The emerging markets, including BRICS (Brazil, Russia, India, China, and South Africa) are suffering.
On Nov 8, 2016 when Donald Trump was elected president of the United States, the stock market took off in anticipation of a much stronger economy under his administration. The U.S. dollar got stronger as well.
While this is good news for the U.S., his policies may make things worse in the emerging markets, including the BRICS (Brazil, Russia, India, China, and South Africa), which are already suffering.
Prior to 2008 the BRICS were the place for companies to invest in.
The belief was that they would remain strong and grow for the foreseeable future. But the worldwide financial crises changed all that. Over the past eight years most economies have struggled to show economic growth – with some slipping into recession. Now most of the BRICS are crumbling under their own weight and struggling to find their footing.
BRICS GDP Count
A look at the GDP accounts and growth over the 2010-2015 period highlights the problem that the BRICS have been dealing with.
Three of the five countries have seen their GDP shrink over the period while China and India have experienced slower growth, but growth nonetheless.
But the numbers do not tell the full story.
The Humpty Dumpty Syndrome
The world has changed and the economies are now considerably different for the BRICS than they were a few short years ago.
Brazil is in the middle of a major internal collapse with the government mired in corruption charges, major companies collapsing, and people wondering if and when the downward spiral will end. Current estimates are that the country could be in for a "lost decade" before it gets back on track.
Russia remains entrenched as a commodity-based economy and its well-being is highly linked to the price of oil, which has collapsed since 2008.
President Putin has done nothing to change that trajectory but has involved the country in various wars and skirmishes, which consume precious capital. There is no reason to believe that there will be any change of direction under the current leadership.
China continues to expand but at a lesser rate, one which the government is not happy with.
The target is 7.0 percent but the true growth rate is dropping and many experts believe that the true GDP is in the 3.0 – 4.0 percent range. The gurus reason that if you look at physical indicators such as rail car loadings, truck loadings, cement consumption, steel consumption, exports, natural gas consumption, and electricity consumption, none of those are consistent with 6.8 or 6.9 percent growth rate.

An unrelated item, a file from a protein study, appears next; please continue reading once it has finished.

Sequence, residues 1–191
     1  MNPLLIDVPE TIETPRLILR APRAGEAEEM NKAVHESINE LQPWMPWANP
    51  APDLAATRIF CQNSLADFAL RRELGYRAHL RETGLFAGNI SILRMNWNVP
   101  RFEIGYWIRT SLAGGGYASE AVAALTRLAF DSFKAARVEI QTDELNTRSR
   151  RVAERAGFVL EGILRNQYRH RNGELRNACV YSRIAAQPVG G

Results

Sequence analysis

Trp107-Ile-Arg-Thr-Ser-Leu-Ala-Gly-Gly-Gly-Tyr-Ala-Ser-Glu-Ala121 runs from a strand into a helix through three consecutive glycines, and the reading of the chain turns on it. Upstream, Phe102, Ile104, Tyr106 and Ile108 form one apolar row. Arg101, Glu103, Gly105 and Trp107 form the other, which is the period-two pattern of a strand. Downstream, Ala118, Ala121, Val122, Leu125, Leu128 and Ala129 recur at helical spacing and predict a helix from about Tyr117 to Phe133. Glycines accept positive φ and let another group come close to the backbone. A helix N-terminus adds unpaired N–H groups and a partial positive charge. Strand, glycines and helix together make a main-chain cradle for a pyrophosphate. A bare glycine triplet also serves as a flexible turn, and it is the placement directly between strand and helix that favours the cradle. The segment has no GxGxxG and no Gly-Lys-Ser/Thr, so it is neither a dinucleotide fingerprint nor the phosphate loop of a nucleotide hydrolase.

Moreover, priming the pump is not yielding the results that it used to - far less bang for the buck.
Plus the cost of labor has risen and China is no longer the low cost provider – in fact, some Chinese firms are offshoring work to neighboring countries. Factories are closing and many people are finding it difficult to find work.
President Xi Jinping is challenged by corruption, a deteriorating environment (air pollution, soil erosion, and a falling water table), a huge debt overhang, industrial overcapacity, and a demand for energy imports.
The easy growth years are over and the hard work of getting the economy to run smoothly and efficiently will take years. All this is reflected in slowing GDP and a weakening Yuan, which could continue to slide for years.
Next- India, South Africa and the Bottom Line
About the author
Mr. Braunstein serves as Chairman/CEO and Executive Director of Research at the Robert Frances Group (RFG). In addition to his corporate role, he helps his clients wrestle with a range of business, management, regulatory, and technology issues.
He has deep and broad experience in business strategy management, business process management, enterprise systems architecture, financing, mission-critical systems, project and portfolio management, procurement, risk management, sustainability, and vendor management. Cal also chaired a Business Operational Risk Council whose membership consisted of a number of top global financial institutions.